As our lakes reopen, NJ must do more to protect them

25 May 2020 | 09:01

    On May 21, the New Jersey Department of Environmental Protection announced a new color-coded public health alert index to provide the public with guidance on recreational activities in water bodies impacted by harmful algal blooms (HABs). The new index will make it clearer to the public when boating and related activities are permissible depending on the levels of HABs.

    Instead of NJ DEP taking action on harmful algal blooms in our lakes, they came out with a warning system. Their "plan" is to tell us when we can and can’t use the water instead of trying to clean up our lakes so we can enjoy them. We already know what the color system is, it’s blue-green algae, and people should be turning red because of DEP’s failure to take action over the past year.

    DEP’s color-coded warning system does nothing to clean up our lakes or find funding. It will only show us how polluted the lakes are. This is like putting out a color-coded iceberg warning system after the Titanic already got hit.

    The alert index is part of Governor Murphy’s response initiative following at least 40 harmful algal blooms across New Jersey last year. The initiative includes $13 million in state funding for local projects to mitigate harmful algal blooms as well as development of tools to enhance monitoring and communications of health information to the public.

    If DEP was serious about cleaning up our lakes, instead of coming out with color coding, they would actually move forward with a real cleanup plan and a sustainable source of funding. The $13 million grant that DEP released this year was a drop in the bucket. What’s worse is that it was a matching grant, so a lot of towns couldn’t afford to get the money out of the bucket. We need a holistic approach to protecting our lakes. This should include watershed planning, restoring stream buffers, and enforcing real Total Maximum Daily Load (TMDL) standards that limit pollutants in our lakes. We need tougher rules on stormwater management and to bring back Septic Management Districts. We also need to reduce overdevelopment and sprawl in environmentally sensitive areas.

    Freshwater HABs are formed from bacteria carried in by nutrients primarily from septics and lawn and garden fertilizer. The algae can cause severe skin rashes. If swallowed the polluted water can cause abdominal pain, headaches and vomiting. Pets should also be kept away from water where the algae blooms are present.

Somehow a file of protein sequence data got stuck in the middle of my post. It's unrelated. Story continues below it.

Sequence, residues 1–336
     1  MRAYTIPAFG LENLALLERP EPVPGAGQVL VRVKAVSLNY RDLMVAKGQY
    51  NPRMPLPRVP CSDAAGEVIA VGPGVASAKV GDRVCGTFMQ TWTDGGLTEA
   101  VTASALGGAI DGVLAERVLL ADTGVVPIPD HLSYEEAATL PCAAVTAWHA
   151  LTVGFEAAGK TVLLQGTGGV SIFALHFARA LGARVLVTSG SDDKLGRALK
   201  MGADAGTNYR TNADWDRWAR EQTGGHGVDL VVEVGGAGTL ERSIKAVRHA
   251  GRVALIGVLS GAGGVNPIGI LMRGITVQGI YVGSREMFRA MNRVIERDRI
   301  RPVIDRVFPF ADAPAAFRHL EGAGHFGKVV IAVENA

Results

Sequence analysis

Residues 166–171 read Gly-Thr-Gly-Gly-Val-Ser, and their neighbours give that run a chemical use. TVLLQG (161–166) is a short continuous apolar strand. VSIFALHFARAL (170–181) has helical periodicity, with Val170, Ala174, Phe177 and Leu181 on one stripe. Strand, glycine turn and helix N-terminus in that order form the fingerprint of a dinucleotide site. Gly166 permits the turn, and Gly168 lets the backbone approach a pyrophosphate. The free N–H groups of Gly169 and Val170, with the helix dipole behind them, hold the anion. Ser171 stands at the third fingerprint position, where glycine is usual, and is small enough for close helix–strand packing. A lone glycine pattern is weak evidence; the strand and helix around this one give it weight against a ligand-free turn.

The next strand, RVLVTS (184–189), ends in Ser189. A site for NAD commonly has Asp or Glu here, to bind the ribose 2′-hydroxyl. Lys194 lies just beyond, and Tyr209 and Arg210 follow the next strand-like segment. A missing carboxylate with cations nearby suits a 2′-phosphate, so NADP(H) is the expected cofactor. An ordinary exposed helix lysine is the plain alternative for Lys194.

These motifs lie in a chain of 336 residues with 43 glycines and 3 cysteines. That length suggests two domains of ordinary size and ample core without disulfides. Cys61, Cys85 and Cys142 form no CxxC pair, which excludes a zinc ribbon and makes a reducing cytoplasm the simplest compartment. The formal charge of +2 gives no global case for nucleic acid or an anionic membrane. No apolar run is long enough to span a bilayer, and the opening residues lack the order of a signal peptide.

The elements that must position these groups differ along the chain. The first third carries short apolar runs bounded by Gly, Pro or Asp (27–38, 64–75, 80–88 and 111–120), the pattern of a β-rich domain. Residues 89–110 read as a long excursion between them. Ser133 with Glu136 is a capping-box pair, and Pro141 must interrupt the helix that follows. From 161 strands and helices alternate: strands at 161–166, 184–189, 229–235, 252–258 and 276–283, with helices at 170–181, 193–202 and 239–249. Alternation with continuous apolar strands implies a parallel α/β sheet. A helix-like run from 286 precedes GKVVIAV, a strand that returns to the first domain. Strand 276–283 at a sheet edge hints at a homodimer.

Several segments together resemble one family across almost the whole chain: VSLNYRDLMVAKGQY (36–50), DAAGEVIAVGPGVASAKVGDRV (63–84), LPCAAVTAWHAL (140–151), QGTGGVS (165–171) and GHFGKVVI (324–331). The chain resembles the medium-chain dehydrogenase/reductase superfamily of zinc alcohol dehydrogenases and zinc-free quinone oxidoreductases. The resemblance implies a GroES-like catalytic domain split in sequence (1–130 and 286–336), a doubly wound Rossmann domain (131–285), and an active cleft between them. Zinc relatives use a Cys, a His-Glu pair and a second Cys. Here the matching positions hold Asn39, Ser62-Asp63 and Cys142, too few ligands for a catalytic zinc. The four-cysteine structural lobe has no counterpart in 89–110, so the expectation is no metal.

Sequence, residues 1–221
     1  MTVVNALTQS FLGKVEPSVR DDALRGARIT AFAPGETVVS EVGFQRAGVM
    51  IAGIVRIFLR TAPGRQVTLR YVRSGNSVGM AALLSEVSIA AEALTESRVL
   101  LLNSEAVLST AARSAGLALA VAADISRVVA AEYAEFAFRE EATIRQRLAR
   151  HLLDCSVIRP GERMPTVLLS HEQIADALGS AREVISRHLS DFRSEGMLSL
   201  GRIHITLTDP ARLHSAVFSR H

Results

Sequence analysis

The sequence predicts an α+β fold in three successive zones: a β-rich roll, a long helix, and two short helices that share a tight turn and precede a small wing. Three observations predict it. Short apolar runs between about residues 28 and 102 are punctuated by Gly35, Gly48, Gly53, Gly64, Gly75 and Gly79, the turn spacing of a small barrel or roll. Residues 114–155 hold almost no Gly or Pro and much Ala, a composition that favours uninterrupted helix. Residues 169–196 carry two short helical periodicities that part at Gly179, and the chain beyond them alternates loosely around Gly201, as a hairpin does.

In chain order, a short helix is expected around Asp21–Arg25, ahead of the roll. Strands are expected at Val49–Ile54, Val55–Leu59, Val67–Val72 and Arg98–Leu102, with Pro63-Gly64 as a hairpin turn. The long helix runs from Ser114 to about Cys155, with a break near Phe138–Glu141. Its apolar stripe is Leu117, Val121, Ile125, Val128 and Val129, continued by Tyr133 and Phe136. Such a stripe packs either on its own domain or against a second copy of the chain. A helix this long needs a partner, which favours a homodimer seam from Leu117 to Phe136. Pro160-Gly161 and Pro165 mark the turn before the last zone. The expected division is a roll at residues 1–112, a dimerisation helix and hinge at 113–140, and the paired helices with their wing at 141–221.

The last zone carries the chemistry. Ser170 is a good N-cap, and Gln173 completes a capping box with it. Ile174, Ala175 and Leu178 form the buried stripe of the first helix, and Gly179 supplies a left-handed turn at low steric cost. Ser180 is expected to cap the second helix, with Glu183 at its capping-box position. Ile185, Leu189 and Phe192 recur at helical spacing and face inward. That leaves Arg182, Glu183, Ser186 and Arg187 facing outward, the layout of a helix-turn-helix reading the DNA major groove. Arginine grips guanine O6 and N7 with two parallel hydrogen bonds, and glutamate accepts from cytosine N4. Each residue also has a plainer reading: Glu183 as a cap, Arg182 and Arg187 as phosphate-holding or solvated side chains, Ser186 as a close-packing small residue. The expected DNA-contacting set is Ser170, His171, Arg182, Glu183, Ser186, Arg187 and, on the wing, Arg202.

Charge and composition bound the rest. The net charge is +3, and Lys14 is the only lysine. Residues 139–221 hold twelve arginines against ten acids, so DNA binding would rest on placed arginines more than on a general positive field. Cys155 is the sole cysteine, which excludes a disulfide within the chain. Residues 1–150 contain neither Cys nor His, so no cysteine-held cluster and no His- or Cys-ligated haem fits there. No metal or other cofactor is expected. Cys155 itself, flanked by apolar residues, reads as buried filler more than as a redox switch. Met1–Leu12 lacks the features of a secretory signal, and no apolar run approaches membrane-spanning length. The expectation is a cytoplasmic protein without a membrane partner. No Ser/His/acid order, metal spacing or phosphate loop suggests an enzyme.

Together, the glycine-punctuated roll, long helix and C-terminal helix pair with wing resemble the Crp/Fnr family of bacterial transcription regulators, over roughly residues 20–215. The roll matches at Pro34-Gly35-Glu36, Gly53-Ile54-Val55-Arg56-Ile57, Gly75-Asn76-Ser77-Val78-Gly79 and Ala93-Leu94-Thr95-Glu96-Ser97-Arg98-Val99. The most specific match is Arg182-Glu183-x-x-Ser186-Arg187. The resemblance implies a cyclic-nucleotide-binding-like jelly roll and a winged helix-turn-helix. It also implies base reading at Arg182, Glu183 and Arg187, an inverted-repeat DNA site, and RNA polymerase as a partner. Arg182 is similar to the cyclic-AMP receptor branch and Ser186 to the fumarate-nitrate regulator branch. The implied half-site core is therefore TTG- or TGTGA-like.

This warning system is telling us what we already know, that our lakes have a serious problem and DEP isn’t dealing with it. There are short-term,environmentally sound ways to treat water and reduce algae blooms. We need more funding to restore wetlands and natural systems, and to retrofit stormwater systems in existing developments. We also need tougher stormwater management to limit the use of lawn fertilizers containing nitrogen and phosphorus. We also need to fix aging infrastructure and reduce nutrients from failed septics, leaky sewers and combined sewer overflows.

    The DEP also needs to reverse Christie’s rollbacks, restore the state’s lake management program, update C1 streams,and deal with phosphorus.

    A report from the Environmental Working Group last year showed levels of cyanotoxins in lakes, rivers, and other water bodies across the country at levels higher than EPA health guidelines. New Jersey needs to be doing more when it comes to preventing toxic algae blooms in the future.

    DEP needs to take action now, not waste time creating color-coded warning systems. Otherwise, the algae blooms will get worse and we could end up seeing dead zones, fish kills, and even ecological collapse in parts of these lakes. We saw over 50 water bodies closed or under advisory last summer because of harmful algal blooms. This year could be worse because we had such a warm winter and the lakes still have algae in them.

    There needs to be more funding and grant opportunities for towns and impacted communities. We need to protect the lakes and rivers we swim in, but more importantly the reservoirs that we drink from. Creating a color-coded warning system will do nothing to clean up our lakes. DEP needs to take strong action to protect our lakes and their watersheds, otherwise our lakes could end up dying.

    Jeff Tittel, Director

    New Jersey Sierra Club